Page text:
Software vendors that have not yet converted to selling cloud-based models must do so now. If they don’t, somebody else will. That’s the resounding message from industry experts, who confirm that the era of on-premises software is over. Statistics show that software-as-a-service (SaaS) vendors now account for over three-quarters of all software revenues, and this number just keeps on growing.
When businesses began migrating workloads, storage and applications to the cloud over ten years ago – starting simple with email, office productivity tools and so on – the end of on-premises technology seemed a long way off. Indeed, for years businesses have used cloud-based tools while also investing heavily in traditional on-premises IT and infrastructures to support their mission-critical operations. But the tide is changing, and we are now seeing a noticeable shift to SaaS.
You only have to look to global leaders like Microsoft to see that the cloud is the clear way forward. The company has remained committed to its big bet on the cloud, phasing out server-based applications and services for online only, as recently demonstrated when it made Dynamics 365 Business Central fully cloud based. And Microsoft is urging its partners to do the same.
“There is no reason to be selling customers the on-premises version of Business Central,” says Cecilia Flombaum, Senior Director Business Strategy for Dynamics 365 at Microsoft. “Every new customer should be in the cloud.”
Indeed, SaaS is now the default software delivery model. According to McKinsey, the total as-a-service market share is now 75% of all enterprise-software revenues, which equates to more than US$380 billion. And the opportunity continues to grow, with adoption rates climbing across all industries, late adopters coming on board, and specialized categories that have so far resisted change now making the transition to SaaS.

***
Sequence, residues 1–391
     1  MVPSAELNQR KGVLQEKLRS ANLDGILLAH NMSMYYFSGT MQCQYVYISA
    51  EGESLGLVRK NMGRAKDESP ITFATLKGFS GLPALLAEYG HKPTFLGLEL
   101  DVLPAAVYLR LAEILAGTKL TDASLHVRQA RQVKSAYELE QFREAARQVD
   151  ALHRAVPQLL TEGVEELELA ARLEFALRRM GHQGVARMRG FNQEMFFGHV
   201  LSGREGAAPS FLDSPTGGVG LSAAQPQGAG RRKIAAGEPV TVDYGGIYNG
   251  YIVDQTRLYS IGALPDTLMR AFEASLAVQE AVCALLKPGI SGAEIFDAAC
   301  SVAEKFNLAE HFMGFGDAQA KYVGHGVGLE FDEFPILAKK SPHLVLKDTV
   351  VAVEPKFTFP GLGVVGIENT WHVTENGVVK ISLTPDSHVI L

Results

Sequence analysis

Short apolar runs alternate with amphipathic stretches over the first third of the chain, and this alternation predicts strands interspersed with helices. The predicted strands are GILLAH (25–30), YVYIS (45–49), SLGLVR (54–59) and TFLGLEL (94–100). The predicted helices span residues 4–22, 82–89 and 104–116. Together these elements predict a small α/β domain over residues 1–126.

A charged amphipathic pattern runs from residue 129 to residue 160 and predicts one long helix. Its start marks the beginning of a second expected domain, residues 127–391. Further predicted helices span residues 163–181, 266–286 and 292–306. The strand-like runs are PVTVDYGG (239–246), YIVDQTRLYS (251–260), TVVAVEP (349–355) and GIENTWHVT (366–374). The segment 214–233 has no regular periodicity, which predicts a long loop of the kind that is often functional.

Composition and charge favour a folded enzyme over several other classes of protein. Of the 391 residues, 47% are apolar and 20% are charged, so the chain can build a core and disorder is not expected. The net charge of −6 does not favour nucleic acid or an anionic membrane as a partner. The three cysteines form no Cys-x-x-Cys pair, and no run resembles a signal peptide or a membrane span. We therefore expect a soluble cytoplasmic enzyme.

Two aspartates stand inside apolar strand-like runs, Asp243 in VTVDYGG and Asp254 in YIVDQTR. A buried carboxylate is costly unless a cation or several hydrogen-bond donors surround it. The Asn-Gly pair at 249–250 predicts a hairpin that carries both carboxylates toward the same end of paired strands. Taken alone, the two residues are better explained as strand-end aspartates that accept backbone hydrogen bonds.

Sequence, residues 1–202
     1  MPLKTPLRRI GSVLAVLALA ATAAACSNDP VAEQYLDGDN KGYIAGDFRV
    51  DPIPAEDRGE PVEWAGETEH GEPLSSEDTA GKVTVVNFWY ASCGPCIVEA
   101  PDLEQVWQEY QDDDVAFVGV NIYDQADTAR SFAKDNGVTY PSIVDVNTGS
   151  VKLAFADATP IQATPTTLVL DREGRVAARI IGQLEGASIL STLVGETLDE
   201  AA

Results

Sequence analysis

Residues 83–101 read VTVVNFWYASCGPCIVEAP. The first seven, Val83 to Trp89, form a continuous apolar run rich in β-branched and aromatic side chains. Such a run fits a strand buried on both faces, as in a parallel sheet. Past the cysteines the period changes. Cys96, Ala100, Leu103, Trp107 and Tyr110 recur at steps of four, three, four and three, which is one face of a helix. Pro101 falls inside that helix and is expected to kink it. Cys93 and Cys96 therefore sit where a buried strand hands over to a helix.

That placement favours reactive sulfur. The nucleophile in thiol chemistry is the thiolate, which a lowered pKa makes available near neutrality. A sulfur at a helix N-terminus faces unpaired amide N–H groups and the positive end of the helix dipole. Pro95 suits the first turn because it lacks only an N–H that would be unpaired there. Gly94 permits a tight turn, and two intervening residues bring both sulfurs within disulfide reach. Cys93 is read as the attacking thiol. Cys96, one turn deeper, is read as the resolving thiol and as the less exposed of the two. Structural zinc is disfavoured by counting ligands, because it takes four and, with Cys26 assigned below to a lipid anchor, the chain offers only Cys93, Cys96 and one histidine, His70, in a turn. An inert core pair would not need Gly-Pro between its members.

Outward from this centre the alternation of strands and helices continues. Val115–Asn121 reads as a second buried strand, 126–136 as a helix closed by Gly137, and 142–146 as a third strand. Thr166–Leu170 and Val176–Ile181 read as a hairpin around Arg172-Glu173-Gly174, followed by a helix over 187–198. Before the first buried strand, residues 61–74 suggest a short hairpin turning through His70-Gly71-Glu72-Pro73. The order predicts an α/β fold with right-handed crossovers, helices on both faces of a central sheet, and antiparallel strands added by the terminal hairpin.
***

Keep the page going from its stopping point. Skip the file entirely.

If you’re still in two minds about committing to selling cloud-based software, here are five reasons why now is the time to embrace an SaaS delivery model before it’s too late.
1. The cloud is not the next big thing. It’s already here
Gartner makes strong predictions for growth in the SaaS industry, forecasting that the market will generate US$354.6 billion by 2022 as the agility of the SaaS model and its ease of access appeal to both new and established businesses.
Consulting firm McKinsey underlines how the growth of remote working, the rapid deployment of digital solutions, and the lower upfront costs of SaaS are pushing businesses to increasingly choose cloud over on-premises as they press ahead with their digitalization strategies. For vendors that haven’t already recognized this and embraced a cloud-first strategy, the race to convert from on-prem to SaaS-based delivery models really is on.
2. Customers won’t accept anything else
On premises no longer makes business sense. Fewer and fewer businesses are likely to choose home-grown software or on-premises over cloud solutions, which are generally far faster to implement, stay up to date automatically, and offer much greater flexibility and scalability.
Cloud is not just for smaller businesses. In a recent survey by Datometry, enterprises share their reasons for moving their computing to the cloud. The top reason, accounting for almost two-thirds of responses, is to make cost savings. The second most popular reason, chosen by over half, is to get new features and capabilities. For others again moving to the cloud was an executive mandate.
SaaS is now the fastest growing major IT market. Converting from traditional software to cloud-based SaaS is a top priority for many companies, and this move is supported by ROI calculations as well as by strategic business decisions.